The Spanish cinema that the Goyas do not see

The latest nominations for the Goya have certified something that we already knew for a long time, and that is the prizes are divided between a few films So what the rest are left without any kind of recognition even though they deserve it. There is a type of Spanish cinema that continues to be invisible, that the Goya do not see, or what is the same, that academics do not see, both literally and figuratively. They may not be interested, that their tastes are conditioned, that there is greater pressure from the large distributors, that there are vetoes, that they vote for cronyism. But the point is that those films are not, they are not represented, as if they did not exist.

After a year marked by the pandemic, we have witnessed an especially close premiere season. Since the beginning of September, two or three Spanish films have accumulated on the billboard and have had to compete with each other for audiences every week. We have returned to pre-covid times, but with the difference that the rooms are much emptier and the collection has suffered dramatically.

However, the fight to gain a place in the nominations for the Academy Awards began long ago, as if it were a parallel and quite bloody process. Since the summer there have been special screenings of the most important films, which coincidentally correspond to those that have a greater economic muscle behind. The rest of the titles have gone unnoticed, despite the fact that members have at their disposal an online viewing platform. Do you see those movies, those 160 movies? Are they valued in line with your artistic achievements?

Zero diversity

The diversity this year in the nominations for the Goya awards has been nil. It seems that it was voted automatically without taking into account the virtues in the different categories of other titles. There are several glaring examples in this regard. One of them is ‘Six running days’, by Neus Ballús, which performed at the Locarno Film Festival and won the Performance Award for its Non-Professional Actors; it went through the Valladolid Festival, where it reached the Silver Spike and won the Audience Award, an unequivocal sign that it is a film that connects with viewers in a very special way. Number of nominations for the Goya? Zero.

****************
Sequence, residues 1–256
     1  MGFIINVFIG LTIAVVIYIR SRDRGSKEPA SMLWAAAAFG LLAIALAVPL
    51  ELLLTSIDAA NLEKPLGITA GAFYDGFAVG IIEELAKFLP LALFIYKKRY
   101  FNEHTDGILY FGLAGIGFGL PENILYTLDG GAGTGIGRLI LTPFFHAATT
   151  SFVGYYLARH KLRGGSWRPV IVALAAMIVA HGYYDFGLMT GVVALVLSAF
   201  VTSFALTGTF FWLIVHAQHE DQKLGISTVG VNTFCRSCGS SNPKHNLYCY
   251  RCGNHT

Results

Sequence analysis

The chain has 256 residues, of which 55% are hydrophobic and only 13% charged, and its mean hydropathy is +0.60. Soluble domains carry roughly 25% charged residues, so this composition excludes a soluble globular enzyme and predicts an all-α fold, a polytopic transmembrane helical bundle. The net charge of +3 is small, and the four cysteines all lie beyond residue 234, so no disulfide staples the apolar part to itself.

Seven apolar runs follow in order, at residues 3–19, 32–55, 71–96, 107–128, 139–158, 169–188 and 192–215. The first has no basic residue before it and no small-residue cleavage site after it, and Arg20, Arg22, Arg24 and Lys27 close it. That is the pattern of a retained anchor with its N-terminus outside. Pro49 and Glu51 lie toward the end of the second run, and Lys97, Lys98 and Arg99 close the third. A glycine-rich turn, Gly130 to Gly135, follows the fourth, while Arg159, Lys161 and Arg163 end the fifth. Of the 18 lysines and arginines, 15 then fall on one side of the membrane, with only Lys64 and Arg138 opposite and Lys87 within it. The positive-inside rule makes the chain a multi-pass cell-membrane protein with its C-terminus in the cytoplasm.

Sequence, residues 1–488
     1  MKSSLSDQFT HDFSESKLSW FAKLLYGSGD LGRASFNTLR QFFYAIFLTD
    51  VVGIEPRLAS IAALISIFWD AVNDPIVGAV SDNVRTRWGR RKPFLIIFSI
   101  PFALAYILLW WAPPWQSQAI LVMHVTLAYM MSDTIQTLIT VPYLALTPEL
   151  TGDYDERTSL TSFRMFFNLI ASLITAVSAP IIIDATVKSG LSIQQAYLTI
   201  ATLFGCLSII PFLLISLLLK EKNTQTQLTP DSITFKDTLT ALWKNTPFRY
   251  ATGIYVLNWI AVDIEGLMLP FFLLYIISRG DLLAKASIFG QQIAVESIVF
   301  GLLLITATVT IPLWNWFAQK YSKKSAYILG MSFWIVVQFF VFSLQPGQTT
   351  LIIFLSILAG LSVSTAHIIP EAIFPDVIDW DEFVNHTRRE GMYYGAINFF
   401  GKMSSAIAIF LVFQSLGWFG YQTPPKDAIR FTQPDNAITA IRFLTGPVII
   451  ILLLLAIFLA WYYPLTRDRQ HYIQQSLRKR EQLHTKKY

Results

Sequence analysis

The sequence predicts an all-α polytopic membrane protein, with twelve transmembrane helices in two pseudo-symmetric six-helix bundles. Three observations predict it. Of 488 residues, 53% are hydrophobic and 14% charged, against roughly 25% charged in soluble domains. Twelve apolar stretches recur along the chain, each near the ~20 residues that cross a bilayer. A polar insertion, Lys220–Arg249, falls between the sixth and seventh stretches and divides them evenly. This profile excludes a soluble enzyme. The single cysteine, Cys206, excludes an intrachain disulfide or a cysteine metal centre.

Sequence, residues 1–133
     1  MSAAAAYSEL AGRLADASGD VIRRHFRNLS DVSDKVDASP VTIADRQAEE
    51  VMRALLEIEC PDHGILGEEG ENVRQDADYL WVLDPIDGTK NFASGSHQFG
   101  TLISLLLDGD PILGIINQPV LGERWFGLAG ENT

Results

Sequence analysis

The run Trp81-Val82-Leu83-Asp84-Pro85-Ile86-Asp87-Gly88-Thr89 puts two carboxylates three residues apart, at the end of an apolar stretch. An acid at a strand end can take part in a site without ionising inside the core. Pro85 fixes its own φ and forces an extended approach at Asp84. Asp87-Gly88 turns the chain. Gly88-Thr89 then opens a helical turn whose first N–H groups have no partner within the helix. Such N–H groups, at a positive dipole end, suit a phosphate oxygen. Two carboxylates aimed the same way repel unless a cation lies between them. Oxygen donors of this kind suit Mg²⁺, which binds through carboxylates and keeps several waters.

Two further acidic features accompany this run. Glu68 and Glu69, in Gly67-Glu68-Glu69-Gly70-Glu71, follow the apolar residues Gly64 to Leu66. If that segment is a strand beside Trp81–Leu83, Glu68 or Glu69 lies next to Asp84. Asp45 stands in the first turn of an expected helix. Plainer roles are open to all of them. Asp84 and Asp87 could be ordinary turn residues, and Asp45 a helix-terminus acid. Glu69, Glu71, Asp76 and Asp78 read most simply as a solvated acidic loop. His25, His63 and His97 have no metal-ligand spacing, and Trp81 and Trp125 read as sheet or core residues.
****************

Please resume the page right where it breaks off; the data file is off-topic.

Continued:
‘Sacred Spirit’, by Chema García IbarraIt was also presented at Locarno, where it received a special mention from the jury, and at the prestigious Mar de Plata festival, where it has also been awarded. Number of nominations? Zero. Indeed, it is a special film that is totally far from the standards and that connects with a type of cinema where risk, inventiveness and author personality go hand in hand, characteristics that do not seem to fit the profile of Spanish academics. Conservatism of products conforming to certain molds is preferred. Leaving them is a condemnation, that of belonging to the margins of the industry, where in return, at least, there is freedom and a combative spirit, there is true creation and not a mere fabrication.

In that sense, neither was the multi-award winner at the Malaga Festival ‘The ventre of the sea’ It has found its niche, only in the category of best adapted script, precisely because it is everything unconventional that can be expected from the best Agustí Villaronga. If last year the range of non-fiction proposals was opened a little thanks to ‘The year of discovery’, by Luis López Carrasco (because there were fewer titles competing for the same piece of cake), this year the doors have been closed to Jonás Trueba and his monumental ‘Who prevents it’, only present in best documentary, although it exceeds the limits of that category that has become obsolete.

Stagnant relay

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The new generations are also not present this year at the Goya, young cinema is already old. The relay that in other editions seemed to be evident has stalled, and only Clara Roquet, with ‘Libertad’, has managed to reaffirm herself within this old scene. Of course, there is no trace of more radical proposals such as ‘Destello bravío’, by Ainhoa ​​Rodríguez, while the two nominations for ‘Tres’, by Juanjo Giménez, one of the most original films of recent times, know very little.

Thus, the most conventional films have found their way into one category and the other as well. The same as always, only that, in a year like this, so rich, so varied in terms of proposals, it is a pity that it seems that in our cinematography only four or five films have been made.

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